Palmer Gallery show focuses in on student photography

“The Interminable Pleasure of the Gaze,” a new exhibition in the Palmer Gallery, features photographs from students in different art and photography classes, was organized by Art Professor Judy Linn. Photo By: Sam Pianello
“The Interminable Pleasure of the Gaze,” a new exhibition in the Palmer Gallery, features photographs from students in different art and photography classes, was organized by Art Professor Judy Linn. Photo By: Sam Pianello
“The Interminable Pleasure of the Gaze,” a new exhibition in the Palmer Gallery, features photographs from students in different art and photography classes, was organized by Art Professor Judy Linn. Photo By: Sam Pianello

One hundred and seventy photographs, in both color and black-and-white, taken with both digital and analog cameras, are 170 “moments” currently on display at the Palmer Gallery in the College Center. “The Interminable Pleasure of the Gaze” is an exhibition of student photography from ART 212, 213 and 214 this year – three photography classes offered by the Art Department.

“The Interminable Pleasure of the Gaze” had its opening on April 24, 2015. Adjunct Assistant Professor of Art Judith Linn, an organizer of the show, is also the instructor of the classes. On the motivation behind the exhibition, she said, “This show is a part of the educational experience. Exhibiting a student’s work on the wall, in a gallery space, is very different from hanging them up in the class or in their own room.”

With Linn’s advisory, the photography students set up the exhibition by themselves. They were encouraged to bring 6-10 photographs each, depending on how many classes they have taken, and decide the order of display.

Speaking about the photography show, Olga Voyazides ’16 said, “There is a lot of variety in subject matter and aesthetic in the show this year, showing a broad range of the photographic talent we have at Vassar. It is so satisfying to see my classmates’ work all up in one space, and exciting to know the larger Vassar community – student, parents, professors, and visitors – is seeing your work.”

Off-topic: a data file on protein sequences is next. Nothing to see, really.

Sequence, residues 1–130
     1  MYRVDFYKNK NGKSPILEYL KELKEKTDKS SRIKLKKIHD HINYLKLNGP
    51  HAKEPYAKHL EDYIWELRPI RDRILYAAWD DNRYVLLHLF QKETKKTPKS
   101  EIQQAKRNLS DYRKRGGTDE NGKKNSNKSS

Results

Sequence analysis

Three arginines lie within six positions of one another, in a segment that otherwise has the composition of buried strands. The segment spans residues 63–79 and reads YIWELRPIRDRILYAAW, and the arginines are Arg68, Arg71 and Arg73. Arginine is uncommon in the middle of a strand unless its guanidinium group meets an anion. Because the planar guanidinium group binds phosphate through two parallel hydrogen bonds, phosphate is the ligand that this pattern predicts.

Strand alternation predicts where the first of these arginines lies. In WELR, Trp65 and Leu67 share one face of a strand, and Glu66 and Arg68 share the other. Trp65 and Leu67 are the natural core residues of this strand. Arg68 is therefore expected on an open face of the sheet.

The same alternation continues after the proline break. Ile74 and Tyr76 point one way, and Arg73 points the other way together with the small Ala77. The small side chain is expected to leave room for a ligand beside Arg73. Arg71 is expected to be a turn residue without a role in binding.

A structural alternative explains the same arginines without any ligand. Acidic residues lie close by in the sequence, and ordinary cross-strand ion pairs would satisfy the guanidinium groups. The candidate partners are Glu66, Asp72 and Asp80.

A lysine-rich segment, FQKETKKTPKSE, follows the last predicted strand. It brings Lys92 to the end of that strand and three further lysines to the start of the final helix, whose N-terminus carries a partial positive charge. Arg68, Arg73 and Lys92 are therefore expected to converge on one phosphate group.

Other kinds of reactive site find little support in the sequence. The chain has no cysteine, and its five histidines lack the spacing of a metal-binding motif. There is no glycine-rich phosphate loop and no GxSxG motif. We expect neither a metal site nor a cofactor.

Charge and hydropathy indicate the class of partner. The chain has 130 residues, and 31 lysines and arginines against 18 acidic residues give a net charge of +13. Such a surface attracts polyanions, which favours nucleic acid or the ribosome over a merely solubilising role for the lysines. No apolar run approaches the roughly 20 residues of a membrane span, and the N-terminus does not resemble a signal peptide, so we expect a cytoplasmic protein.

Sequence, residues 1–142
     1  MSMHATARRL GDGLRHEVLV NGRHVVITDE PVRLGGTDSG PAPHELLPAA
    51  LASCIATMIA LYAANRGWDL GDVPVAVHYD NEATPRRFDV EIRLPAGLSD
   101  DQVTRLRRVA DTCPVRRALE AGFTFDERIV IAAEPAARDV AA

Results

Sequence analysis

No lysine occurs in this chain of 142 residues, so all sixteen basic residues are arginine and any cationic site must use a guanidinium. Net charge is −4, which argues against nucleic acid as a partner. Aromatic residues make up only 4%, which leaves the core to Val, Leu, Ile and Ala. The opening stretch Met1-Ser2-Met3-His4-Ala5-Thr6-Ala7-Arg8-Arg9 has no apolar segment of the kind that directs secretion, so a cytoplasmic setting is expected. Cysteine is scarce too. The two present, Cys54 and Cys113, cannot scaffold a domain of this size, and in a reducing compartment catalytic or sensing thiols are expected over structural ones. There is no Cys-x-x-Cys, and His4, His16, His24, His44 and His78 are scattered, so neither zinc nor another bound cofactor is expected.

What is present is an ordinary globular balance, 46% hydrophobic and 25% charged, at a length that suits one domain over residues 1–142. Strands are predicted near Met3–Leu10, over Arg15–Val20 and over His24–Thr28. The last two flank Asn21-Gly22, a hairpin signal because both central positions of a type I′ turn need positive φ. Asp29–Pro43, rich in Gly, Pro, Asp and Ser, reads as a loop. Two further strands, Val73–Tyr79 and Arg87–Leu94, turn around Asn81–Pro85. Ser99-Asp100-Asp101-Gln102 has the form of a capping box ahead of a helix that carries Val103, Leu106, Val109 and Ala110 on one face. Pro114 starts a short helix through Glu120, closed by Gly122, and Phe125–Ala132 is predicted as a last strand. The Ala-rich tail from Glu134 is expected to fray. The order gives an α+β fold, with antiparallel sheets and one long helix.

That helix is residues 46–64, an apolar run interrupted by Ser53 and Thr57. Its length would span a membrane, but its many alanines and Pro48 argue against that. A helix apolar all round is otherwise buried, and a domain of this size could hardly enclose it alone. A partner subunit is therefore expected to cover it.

Voyazides is also one of the students that have taken all three Photography classes. She said, “Judy’s class is my favorite I’ve taken so far at Vassar. I love the community aspect of the class, producing work at the same time and comfortably critiquing one another’s photographs.”

Kevin Gish ’16, another student whose photographs are on display, commented, “Judy’s class is a real treat. Her relaxed yet informative mentoring inspires confidence and creativity. Working with film for the first time, I was apprehensive about understanding the process, but she explained every step with grace and aplomb.”

Gish continued with how he progressed as a student in Linn’s course, “Having crossed the threshold into some relative skill, I’m now infatuated with perfecting the photographic print. As someone who was always afraid of attempting visual art, this class has given me the chance to create tangible reflections of my singular perspective, which I am very grateful for.”